Minor girls more often fall victim to sex trafficking than accounted for
Domestic sex trafficking is the most common form of human trafficking in the Netherlands: each year there are approximately 3,000 victims. Dutch girls, specifically, make up a big group: annually 1,320 girls are victimized. They are also the least identified, which means they do not get the protection they need. This is presented in the publication Victims of Human Trafficking Periodical Report 2012-2016.
The estimated number of victims of human trafficking is five times as big as the number of identified victims and comes down to approximately 6,250 victims each year. This is the first time the Dutch National Rapporteur on Human Trafficking releases a substantiated estimate of the true number of victims of human trafficking, based on a research undertaken together with the United Nations Office on Drugs and Crime (UNODC). Up till now, it was only possible to report on the number of registered victims. The actual number is much higher, because human trafficking often takes place under the radar.
Only 11% visible
Domestic sex trafficking is the most common form of human trafficking in the Netherlands: each year there are approximately 3,000 victims, accounting for 46% of all human trafficking victims. Almost half of these (1,320) are minor girls. This group is also the least visible: only 11% is actually identified as a victim, and thus receives help and care.
Police reports decreasing
Three-quarters of all identified victims of domestic sex trafficking are identified and reported to CoMensha (an independent centre of expertise whose responsibilities include the national registration of possible victims of human trafficking in the Netherland) by the police. However, the number of victims detected by the police has declined sharply over the last five years – particularly in 2016. The decline in the number of reports by the police is likely connected with their reduced capacity to tackle human trafficking because of shifting priorities: their focus shifted to people smuggling in light of the increased flow of immigrants and refugees, and possibly also due to a loss of expertise as a result of the reorganization of the National Police since 2013. The National Rapporteur is worried about this: ‘We know that human trafficking is still a big problem: there are an estimated 6,250 victims. The efforts of the police to combat human trafficking should therefore be maximized.’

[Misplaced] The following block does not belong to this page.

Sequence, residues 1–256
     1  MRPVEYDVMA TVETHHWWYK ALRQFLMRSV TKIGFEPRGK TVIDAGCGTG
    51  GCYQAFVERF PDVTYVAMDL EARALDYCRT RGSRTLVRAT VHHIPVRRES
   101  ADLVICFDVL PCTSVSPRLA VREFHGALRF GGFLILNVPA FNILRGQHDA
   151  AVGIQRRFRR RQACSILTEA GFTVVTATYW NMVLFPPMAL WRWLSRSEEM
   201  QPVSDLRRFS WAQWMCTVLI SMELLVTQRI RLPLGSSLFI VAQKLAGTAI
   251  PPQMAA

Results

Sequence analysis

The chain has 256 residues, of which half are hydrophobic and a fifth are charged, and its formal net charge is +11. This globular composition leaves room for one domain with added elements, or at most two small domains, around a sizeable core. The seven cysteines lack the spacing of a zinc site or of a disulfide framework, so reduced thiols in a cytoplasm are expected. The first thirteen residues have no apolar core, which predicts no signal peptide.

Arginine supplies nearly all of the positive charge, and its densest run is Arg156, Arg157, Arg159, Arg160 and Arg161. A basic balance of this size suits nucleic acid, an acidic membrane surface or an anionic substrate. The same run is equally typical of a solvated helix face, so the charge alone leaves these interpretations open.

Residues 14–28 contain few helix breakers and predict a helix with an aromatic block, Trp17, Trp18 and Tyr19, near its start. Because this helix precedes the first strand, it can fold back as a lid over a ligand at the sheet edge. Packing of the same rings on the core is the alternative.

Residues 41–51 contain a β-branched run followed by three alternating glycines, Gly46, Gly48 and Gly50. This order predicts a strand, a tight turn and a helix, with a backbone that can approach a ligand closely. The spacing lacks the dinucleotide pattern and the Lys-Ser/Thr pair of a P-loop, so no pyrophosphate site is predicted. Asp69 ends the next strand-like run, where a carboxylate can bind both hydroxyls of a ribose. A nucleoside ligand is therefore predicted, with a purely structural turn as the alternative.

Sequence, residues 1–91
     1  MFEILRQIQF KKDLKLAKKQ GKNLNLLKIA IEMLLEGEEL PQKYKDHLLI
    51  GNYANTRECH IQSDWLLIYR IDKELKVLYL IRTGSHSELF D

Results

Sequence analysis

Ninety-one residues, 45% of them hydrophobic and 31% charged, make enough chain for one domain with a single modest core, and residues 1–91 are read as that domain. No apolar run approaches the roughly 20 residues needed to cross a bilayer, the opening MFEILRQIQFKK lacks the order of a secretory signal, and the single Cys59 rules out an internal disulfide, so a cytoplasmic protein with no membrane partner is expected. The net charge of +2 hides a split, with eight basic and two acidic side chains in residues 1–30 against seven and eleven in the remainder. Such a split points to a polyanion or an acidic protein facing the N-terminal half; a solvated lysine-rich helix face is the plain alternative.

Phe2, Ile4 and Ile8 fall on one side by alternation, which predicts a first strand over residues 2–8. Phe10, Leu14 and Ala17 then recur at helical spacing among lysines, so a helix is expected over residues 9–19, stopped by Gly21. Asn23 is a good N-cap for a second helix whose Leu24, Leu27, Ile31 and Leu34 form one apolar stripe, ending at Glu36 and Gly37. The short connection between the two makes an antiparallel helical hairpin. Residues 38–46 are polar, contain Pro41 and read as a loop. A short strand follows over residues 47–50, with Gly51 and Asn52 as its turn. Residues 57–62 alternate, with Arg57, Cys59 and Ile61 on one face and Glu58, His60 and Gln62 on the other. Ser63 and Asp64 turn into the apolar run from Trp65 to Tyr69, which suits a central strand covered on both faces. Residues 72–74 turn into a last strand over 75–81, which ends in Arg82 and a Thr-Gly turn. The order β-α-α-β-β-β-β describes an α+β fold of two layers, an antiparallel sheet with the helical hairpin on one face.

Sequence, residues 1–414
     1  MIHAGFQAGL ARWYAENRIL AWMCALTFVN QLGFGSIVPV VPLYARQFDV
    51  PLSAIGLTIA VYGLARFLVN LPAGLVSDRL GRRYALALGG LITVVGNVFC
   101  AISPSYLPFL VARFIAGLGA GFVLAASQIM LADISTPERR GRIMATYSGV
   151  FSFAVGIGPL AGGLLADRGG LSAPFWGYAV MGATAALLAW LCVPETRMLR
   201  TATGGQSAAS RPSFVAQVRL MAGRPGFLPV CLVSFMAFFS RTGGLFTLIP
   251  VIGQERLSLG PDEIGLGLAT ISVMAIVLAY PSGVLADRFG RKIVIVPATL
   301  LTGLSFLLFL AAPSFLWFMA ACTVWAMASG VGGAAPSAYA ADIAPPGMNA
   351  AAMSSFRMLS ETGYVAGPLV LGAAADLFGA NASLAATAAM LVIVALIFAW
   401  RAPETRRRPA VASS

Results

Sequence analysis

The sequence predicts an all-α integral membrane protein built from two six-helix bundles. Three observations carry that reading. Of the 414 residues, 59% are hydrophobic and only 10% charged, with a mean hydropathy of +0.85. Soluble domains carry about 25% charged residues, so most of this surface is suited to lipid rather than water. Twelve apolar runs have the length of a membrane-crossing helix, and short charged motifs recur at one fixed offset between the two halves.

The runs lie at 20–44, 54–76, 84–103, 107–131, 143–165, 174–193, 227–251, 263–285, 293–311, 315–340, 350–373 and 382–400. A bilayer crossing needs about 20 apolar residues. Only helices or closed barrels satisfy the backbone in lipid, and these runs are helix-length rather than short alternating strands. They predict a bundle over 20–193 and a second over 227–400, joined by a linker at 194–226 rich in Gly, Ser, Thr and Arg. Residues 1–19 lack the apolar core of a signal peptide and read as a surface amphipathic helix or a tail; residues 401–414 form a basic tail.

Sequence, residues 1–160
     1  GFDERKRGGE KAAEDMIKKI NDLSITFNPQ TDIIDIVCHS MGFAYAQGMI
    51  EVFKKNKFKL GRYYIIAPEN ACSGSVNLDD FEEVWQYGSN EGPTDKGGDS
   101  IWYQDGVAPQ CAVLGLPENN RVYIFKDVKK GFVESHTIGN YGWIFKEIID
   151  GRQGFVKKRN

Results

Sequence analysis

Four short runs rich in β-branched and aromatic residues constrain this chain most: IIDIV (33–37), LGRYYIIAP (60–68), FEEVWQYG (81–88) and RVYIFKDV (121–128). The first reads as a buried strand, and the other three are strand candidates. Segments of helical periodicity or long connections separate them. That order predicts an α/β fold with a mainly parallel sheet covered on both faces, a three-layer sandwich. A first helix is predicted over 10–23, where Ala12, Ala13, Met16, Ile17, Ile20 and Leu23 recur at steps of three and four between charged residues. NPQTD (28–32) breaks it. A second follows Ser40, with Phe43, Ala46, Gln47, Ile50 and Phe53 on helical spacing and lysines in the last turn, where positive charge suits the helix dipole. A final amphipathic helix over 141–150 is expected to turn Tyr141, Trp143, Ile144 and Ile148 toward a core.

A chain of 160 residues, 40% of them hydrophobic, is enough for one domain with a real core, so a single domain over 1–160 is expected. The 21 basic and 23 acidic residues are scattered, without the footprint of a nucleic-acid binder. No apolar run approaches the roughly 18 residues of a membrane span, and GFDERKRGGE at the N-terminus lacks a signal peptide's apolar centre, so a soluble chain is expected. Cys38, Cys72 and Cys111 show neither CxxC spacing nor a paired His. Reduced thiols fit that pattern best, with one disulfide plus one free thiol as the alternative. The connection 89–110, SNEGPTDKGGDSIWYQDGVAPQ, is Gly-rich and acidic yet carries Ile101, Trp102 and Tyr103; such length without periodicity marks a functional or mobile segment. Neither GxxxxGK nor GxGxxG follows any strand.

What is measured, is tackled
The National Rapporteur sees great value in measuring the nature and scale of human trafficking with an estimation like this, because it exposes the gaps and blind spots in the Dutch approach to combatting human trafficking. Not only for human trafficking as a whole, but also specified by sector of exploitation, gender and age. These new numbers are an important indicator for the way the government decides to counteract the issue. Also, the National Rapporteur urges the police and other authorities to keep working on solid registration, which is very important for informed and research-based policy. Furthermore, the Ministry of Justice and Security and the Ministry of Foreign Affairs are recommended to produce an estimate for human trafficking periodically, to make sure the results of new strategies to combat human trafficking will be monitored.